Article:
You’ve heard of Elizabeth Gilbert, right? The woman who wrote Eat, Pray, Love? She wrote other books too, including The Signature of All Things. (I just downloaded it to my iPad.) Yesterday I listened to a podcast featuring an interview with Gilbert, and she said that although The Signature didn’t do as well as Eat, Pray, Love, she was okay with that.
She then went on to tell of a conversation that took placed years ago when she was a 22-year-old diner waitress (her words). She and a professor from the University of Pennsylvania were discussing James Jones, author of From Here to Eternity. An aspiring writer, Gilbert admitted that the book was phenomenally successful, and then wondered aloud why Jones had never written another masterpiece.
In talking with the erudite professor, Gilbert scoffed at Jones’ “one hit wonder.” That’s the last time she ever made that mistake. Immediately the professor “schooled” her when he began to ask a series of questions. What was her objection to Jones’ work? Does a person have to keep producing best sellers to be considered gifted? Shouldn’t you applaud people who keep producing their work? Encourage those who put their work out there?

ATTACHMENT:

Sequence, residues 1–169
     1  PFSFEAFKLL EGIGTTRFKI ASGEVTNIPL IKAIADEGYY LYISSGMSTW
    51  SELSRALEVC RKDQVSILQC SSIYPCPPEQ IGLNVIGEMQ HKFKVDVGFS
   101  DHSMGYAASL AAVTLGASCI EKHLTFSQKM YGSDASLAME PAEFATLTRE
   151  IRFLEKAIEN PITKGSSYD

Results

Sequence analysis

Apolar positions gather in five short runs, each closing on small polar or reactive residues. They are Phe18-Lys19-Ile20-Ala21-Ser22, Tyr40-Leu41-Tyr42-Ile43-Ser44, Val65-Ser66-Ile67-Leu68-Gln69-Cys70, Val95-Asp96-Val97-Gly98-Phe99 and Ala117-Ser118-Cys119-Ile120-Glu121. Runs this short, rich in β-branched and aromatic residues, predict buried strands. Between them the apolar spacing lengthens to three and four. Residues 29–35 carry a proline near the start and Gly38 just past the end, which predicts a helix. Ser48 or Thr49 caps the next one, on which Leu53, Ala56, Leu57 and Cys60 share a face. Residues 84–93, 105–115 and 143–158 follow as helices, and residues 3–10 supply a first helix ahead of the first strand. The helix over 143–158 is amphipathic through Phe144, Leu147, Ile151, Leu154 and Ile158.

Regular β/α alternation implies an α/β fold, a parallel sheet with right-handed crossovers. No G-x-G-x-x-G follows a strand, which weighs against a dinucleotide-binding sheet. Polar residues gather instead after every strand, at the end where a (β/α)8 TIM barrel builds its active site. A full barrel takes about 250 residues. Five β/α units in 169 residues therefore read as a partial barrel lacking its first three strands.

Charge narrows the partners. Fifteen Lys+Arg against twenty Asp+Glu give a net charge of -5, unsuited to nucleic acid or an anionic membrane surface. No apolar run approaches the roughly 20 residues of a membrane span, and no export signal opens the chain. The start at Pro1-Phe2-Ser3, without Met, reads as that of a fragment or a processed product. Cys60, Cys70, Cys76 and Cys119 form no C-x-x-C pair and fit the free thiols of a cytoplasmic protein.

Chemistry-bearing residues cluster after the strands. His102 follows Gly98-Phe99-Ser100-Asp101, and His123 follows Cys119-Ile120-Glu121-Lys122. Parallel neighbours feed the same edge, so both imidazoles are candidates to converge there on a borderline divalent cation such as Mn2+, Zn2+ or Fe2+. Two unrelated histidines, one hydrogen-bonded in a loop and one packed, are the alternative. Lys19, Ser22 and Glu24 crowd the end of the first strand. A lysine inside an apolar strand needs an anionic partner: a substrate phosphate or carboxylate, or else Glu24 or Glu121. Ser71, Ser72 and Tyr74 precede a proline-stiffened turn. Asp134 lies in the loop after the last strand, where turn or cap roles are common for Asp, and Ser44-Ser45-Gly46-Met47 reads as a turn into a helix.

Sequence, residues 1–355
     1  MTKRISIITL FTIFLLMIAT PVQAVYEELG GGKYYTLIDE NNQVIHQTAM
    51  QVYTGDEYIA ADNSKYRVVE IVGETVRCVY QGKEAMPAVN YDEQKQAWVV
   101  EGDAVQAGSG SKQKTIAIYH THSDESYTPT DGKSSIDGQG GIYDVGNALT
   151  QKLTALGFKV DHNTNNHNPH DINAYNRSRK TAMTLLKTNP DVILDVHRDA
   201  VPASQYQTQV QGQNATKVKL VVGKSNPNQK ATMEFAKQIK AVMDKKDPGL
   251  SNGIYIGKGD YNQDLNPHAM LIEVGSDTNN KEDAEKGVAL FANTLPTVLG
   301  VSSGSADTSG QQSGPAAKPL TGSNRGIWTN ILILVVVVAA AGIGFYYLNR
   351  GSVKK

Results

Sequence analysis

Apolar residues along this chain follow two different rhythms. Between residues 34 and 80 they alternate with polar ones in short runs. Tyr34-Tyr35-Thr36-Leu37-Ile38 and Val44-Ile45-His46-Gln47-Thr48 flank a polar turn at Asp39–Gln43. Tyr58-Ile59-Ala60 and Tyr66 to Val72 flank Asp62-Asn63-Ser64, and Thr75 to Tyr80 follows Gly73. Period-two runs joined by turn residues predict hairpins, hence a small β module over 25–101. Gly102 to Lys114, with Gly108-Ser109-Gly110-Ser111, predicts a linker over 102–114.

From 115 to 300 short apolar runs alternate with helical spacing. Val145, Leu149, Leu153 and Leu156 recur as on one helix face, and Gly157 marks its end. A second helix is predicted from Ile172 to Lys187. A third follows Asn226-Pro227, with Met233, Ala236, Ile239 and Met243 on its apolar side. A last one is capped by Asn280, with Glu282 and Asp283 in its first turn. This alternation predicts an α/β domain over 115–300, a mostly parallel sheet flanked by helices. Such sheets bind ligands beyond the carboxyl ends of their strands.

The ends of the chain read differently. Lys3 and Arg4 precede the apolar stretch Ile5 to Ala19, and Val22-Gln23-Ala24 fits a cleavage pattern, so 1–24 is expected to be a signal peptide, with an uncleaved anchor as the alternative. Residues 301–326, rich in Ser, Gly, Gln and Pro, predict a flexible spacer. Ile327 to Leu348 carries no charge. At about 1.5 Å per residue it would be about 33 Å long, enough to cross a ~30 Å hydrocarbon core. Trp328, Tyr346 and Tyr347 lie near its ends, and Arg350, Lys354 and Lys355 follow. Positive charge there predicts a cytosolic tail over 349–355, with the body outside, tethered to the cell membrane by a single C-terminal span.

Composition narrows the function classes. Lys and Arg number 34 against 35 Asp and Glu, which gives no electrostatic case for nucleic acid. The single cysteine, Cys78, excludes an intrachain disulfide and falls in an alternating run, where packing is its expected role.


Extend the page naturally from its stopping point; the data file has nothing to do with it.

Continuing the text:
Gilbert felt little as she considered the arrogance of a 22-year-old unpublished waitress who had dissed James Jones. After all, what had she done (in the writing arena)? Who was she to say such an audacious thing? One hit wonder indeed.
Decades later, Gilbert remembers that diner discussion with the prof and asks, “Even if it’s not a masterpiece, so what? Shouldn’t people keep on going? Keep on writing?” (Paraphrase)
I have no aspirations of becoming rich and famous through my writing, and neither does anyone else in my writing group. Most have been published, however, and a couple have won prestigious awards for their work. At the same time, we all have stories to tell: tales of woe, wonder, happiness, relatedness, horror, disappointment, humor, hope, adventure, and astonishment. You name it; we’ve got it.
We’re putting together an anthology of some of our stories, especially those of the nostalgic type, and we hope to have it available by the end of October. Today as I was describing our group project to a would-be writer, he asked, “So y’all are going to put together a little booklet or something?” A little booklet????
“Yeah, or something,” I replied serenely, remembering Gilbert’s conversation with the professor. Shouldn’t you encourage people who put their work out there? Do you have stories to share? Why aren’t you writing them?